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Controversy over Malaysia’s plan to introduce khat in syllabus

SUBANG : Older Singaporeans might know and recognise Jawi, otherwise known as khat.

The Arabic script for writing Malay used to be commonly used in the past but has faded.

Now, Malaysia's plan to introduce it into the Year 4 syllabus for 10-year-olds has stirred controversy.

A total of 138 officials and assemblymen from the Chinese-dominated Democratic Action Party (DAP), part of the ruling Pakatan Harapan coalition, have publicly opposed the plan and urged ministers from the party to do the same.

Prime Minister Mahathir Mohamad said on Saturday the plan would go ahead, noting the government has never objected to other forms of writing, including Chinese.

SUPPORT

He has support from Parti Islam Se-Malaysia president Abdul Hadi Awang, who labelled opponents to the initiative as descendants or proxies of British colonialists, amid claims the move was part of a broader "Islamisation" attempt, The Star reported.

He said even Singapore's first prime minster Lee Kuan Yew and DAP leader Tan Seng Giaw could read the script.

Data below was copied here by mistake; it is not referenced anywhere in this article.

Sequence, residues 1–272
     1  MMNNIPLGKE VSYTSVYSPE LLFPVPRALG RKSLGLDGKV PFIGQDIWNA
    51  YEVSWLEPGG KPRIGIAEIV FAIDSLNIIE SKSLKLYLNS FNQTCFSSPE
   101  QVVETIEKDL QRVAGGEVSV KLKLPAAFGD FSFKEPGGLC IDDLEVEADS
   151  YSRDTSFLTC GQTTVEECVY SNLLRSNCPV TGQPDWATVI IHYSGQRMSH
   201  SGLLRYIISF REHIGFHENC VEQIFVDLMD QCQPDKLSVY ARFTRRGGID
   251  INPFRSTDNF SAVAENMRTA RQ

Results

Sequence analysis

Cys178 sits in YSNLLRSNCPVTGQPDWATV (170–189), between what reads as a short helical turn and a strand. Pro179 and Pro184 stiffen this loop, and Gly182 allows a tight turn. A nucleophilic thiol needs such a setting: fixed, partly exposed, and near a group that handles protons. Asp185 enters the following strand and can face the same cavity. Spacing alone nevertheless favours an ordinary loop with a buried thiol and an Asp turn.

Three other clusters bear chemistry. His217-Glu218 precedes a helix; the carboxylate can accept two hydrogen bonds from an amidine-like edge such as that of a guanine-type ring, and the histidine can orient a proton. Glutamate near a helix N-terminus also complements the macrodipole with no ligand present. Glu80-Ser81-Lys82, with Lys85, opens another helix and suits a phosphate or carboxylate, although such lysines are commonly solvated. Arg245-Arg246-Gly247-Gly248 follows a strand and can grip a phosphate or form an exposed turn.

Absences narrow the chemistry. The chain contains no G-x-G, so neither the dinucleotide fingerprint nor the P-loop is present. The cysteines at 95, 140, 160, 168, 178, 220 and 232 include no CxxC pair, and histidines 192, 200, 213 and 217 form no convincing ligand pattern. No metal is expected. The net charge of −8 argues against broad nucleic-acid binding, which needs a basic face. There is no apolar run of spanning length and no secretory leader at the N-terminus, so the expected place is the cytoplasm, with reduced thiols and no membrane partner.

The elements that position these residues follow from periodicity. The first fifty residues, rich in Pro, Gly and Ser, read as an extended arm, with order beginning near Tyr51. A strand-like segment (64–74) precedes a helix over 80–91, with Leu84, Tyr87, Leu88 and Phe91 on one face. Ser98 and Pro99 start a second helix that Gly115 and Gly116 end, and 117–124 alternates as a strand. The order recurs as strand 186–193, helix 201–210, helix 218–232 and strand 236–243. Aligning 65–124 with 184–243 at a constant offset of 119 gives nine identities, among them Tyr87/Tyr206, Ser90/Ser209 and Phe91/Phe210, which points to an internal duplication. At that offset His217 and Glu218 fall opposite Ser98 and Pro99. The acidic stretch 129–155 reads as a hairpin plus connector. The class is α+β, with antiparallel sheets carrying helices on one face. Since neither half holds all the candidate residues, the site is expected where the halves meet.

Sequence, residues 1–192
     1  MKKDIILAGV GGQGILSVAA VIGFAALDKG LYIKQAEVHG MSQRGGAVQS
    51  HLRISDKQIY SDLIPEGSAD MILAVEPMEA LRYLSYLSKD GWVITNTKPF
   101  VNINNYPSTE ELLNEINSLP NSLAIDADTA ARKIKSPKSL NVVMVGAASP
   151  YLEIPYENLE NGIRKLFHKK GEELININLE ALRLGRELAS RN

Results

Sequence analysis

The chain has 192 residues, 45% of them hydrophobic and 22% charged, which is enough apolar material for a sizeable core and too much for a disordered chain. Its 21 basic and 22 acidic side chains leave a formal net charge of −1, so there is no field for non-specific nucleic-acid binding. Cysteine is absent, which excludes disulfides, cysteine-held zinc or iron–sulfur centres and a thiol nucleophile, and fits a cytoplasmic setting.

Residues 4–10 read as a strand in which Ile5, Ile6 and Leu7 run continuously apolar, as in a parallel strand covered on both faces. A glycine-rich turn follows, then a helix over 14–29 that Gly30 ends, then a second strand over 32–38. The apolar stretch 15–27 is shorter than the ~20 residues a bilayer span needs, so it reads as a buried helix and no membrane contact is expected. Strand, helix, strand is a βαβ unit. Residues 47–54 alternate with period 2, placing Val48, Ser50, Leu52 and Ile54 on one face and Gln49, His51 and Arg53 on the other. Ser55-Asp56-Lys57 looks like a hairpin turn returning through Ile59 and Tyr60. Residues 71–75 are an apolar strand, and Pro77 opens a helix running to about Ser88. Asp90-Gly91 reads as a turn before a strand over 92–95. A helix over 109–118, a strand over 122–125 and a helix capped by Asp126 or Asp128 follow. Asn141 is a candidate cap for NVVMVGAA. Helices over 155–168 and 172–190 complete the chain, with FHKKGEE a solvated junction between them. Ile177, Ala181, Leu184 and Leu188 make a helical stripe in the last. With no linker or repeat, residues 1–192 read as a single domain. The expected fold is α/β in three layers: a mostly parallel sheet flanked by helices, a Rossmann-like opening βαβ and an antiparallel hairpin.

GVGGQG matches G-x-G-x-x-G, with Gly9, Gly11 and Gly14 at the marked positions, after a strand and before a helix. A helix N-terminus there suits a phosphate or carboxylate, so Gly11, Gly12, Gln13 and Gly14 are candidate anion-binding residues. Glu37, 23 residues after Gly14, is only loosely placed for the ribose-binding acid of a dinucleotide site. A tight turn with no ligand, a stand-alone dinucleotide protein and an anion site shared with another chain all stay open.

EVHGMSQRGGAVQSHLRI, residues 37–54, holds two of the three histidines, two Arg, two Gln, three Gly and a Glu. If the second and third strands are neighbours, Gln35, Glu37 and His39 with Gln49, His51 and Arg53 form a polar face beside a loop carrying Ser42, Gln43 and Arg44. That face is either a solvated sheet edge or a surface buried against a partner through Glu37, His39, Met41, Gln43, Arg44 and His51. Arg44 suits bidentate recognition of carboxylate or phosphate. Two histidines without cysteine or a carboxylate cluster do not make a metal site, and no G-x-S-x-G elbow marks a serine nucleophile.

Transport Minister Anthony Loke, who is from the DAP, defended Dr Mahathir yesterday. He dismissed allegations Dr Mahathir is capitalising on the khat or Jawi controversy to split the Chinese and unite the Malays.

The DAP organising secretary said Dr Mahathir was a statesman.

"And he is a prime minister for all Malaysians," he added.

Mr Loke said this when asked to comment on claims by some parties that the issue was being used to divide the Chinese community.

He said the party had obtained feedback from its leaders and would forward their stand on khat to the Cabinet, The Star reported.

"DAP leaders had gathered on Monday, we have listened to the views and feedback from our elected representatives.

"We are united. And we will convey our view to the Cabinet," he said.

On the Malaysian Chinese Association's (MCA's) call to DAP to pressure Dr Mahathir to abort plans to introduce khat in schools, Mr Loke said the DAP would only listen to the voices of its members and the general public, The Star reported.

"We serve the people, not the MCA," he said.

WORLD